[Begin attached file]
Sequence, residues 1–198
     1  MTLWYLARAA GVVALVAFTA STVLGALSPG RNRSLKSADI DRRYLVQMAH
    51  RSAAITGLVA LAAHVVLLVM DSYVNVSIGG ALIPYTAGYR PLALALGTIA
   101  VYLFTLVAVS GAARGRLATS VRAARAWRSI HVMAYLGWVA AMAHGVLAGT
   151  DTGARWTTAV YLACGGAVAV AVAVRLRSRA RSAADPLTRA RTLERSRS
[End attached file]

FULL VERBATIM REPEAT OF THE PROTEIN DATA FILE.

Sequence, residues 1–198
     1  MTLWYLARAA GVVALVAFTA STVLGALSPG RNRSLKSADI DRRYLVQMAH
    51  RSAAITGLVA LAAHVVLLVM DSYVNVSIGG ALIPYTAGYR PLALALGTIA
   101  VYLFTLVAVS GAARGRLATS VRAARAWRSI HVMAYLGWVA AMAHGVLAGT
   151  DTGARWTTAV YLACGGAVAV AVAVRLRSRA RSAADPLTRA RTLERSRS